Presentation on theme: "BHS 204-01 Methods in Behavioral Sciences I May 28, 2003 Chapter 14 (Ray) Ethics."— Presentation transcript:
BHS 204-01 Methods in Behavioral Sciences I May 28, 2003 Chapter 14 (Ray) Ethics
Responsibilities of the Researcher The world relies on the accuracy of findings. Fraud is unethical, obviously, but so are lesser sins that distort findings or mislead the public. Ethical problems are minimal in real life, despite a few highly publicized cases. Ethics are regulated by the U.S. government and by professional associations (APA). There are guidelines but no firm rules.
Seven Requirements Social value Scientific validity Fair subject selection Favorable risk-benefit ratio Independent review Informed consent Respect for human subjects
When Ethical Questions Arise When experiments are unpleasant or have risks or negative consequences for subjects. When subjects cannot make informed consent, as with children, animals, prisoners, mentally ill or impaired individuals. When deception is involved.
Guiding Principles The subject should leave the experiment as close as possible to the state he or she was in before entering it. Do you tell a subject about something discovered during the experiment (e.g., heart problem)? The subject’s opinion of himself matters. The risk to a subject is weighed against the value of the findings to society. Studies with risks must be on important topics.
Sample Ethical Controversies Should subjects be paid for their participation? When is payment coercive? How much payment, of what type, is OK? Should students be required to be research subjects in psychology courses? How should privacy be protected – who should have access to what kinds of data?
Experimental Protections Subjects must be volunteers. Someone cannot truly volunteer without making “informed consent.” How much information can you provide without biasing subjects and undermining your results? Subjects have the right to stop at any time. They must be informed of this right. Subjects must be fully informed of all risks.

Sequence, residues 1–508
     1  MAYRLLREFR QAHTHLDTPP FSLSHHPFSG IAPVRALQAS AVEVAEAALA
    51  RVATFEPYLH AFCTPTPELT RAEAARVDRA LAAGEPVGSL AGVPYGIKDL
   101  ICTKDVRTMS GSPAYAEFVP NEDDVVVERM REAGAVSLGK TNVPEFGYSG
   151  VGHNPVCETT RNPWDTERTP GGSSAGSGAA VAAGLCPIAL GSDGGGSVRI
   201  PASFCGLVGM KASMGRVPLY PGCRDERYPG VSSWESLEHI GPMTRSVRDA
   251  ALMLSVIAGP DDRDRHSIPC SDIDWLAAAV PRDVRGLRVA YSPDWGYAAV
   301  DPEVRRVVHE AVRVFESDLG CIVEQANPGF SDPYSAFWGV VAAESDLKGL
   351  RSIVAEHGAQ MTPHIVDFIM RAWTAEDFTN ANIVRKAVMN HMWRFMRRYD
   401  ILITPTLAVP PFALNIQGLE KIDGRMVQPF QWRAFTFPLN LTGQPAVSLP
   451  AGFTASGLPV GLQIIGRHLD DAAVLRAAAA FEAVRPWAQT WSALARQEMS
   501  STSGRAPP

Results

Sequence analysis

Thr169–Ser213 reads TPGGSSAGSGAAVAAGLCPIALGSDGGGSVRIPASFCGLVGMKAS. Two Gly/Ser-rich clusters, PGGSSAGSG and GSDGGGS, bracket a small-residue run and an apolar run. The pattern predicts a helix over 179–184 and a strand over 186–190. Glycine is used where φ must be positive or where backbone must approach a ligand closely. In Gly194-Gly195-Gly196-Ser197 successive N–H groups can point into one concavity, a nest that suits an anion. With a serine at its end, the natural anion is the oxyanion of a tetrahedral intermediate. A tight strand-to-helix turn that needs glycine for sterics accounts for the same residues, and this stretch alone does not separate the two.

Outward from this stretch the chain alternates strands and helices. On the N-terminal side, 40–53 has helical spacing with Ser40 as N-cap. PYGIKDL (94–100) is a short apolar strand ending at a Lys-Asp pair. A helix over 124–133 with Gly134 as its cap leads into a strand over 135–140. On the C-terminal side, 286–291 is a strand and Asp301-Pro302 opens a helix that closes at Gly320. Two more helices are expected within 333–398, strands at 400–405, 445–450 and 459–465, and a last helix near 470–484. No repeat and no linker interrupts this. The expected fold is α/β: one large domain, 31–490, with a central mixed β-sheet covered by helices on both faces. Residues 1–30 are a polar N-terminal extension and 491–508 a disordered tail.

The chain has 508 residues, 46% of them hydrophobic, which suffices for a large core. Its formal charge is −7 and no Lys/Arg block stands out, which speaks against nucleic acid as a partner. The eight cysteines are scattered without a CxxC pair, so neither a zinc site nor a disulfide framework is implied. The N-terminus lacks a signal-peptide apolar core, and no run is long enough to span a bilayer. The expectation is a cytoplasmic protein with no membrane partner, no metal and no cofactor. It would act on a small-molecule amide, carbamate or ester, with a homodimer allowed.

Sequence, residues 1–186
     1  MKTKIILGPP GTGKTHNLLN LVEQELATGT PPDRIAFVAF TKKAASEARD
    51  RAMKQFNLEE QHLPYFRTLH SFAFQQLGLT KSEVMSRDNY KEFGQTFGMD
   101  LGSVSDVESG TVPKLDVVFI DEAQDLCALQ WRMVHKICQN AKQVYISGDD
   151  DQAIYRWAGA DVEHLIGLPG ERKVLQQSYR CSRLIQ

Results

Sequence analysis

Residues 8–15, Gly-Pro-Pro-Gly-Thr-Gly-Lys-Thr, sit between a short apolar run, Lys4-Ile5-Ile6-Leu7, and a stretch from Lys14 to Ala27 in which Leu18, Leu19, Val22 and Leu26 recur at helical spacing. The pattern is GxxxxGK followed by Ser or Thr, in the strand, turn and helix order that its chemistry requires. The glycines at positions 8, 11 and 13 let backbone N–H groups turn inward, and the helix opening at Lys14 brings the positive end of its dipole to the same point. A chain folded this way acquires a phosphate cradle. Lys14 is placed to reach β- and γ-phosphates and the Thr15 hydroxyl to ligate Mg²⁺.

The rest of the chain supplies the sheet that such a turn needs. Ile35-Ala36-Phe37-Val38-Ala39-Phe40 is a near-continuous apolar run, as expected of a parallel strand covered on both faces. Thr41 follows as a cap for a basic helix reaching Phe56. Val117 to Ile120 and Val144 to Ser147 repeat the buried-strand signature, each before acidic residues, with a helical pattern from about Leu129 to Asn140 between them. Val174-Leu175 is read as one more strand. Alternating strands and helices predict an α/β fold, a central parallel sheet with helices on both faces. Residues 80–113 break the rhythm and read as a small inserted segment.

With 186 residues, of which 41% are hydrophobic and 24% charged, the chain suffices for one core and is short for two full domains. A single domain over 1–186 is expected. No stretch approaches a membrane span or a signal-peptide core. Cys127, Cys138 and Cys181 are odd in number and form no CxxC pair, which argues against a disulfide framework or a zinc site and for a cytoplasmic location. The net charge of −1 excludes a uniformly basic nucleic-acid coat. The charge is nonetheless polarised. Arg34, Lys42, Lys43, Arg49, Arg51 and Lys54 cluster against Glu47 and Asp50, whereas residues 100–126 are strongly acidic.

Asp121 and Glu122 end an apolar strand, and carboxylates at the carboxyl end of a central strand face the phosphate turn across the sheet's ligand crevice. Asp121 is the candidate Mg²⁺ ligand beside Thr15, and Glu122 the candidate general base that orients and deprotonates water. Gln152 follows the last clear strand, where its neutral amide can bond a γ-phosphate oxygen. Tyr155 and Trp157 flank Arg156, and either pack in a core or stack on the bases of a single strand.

Anticipating Risks Memory studies or other unpleasant experiences during a study may interact with prior trauma. Subjects must be guided to counseling if this occurs. Follow-up phone calls may be needed. Screening of subjects may be important. Blood draws, physiological measurements, strenuous exercise may affect health, religion.
Protecting Confidentiality A study is not a “fishing expedition.” Do not ask anything beyond what is needed to address the research question. Subject privacy must be protected. Remove identifying information. Store data away from casual access. Obtain permission for all intended uses. Ask ahead of time if the subject wishes to be told results, especially about health outcomes.
Ethical Guidelines of the APA Responsibility to be competent – don’t do research without appropriate training. Consultants can be approached to remedy deficits. Researchers must obtain approval from their sponsoring institution before doing a study. Subjects must be informed of anticipated sharing of data. Invasiveness must be minimized. Subjects must be informed of study results.
Institutional Review Board Most campuses establish an institutional review board to approve research studies. Committee members provide oversight to protect subjects and weigh anticipated benefits of studies: Risks Long-term effects Review of procedures planned
Student Research Class exercises do not require human subjects approvals or experimental protections. Student projects are exempt from IRB approval, but student actions are the responsibility of the supervising faculty member. Students should include human subjects protections and procedures as part of learning to be competent researchers. The project proposal addresses IRB concerns.
More Information NIH webpage for training clinical practitioners in ethical research: http://www.nihtraining.com/cc/crt/indexvideo.html Cal Poly Pomona’s IRB: http://www.cismm.csupomona.edu/gcINT1/ir b/default.asp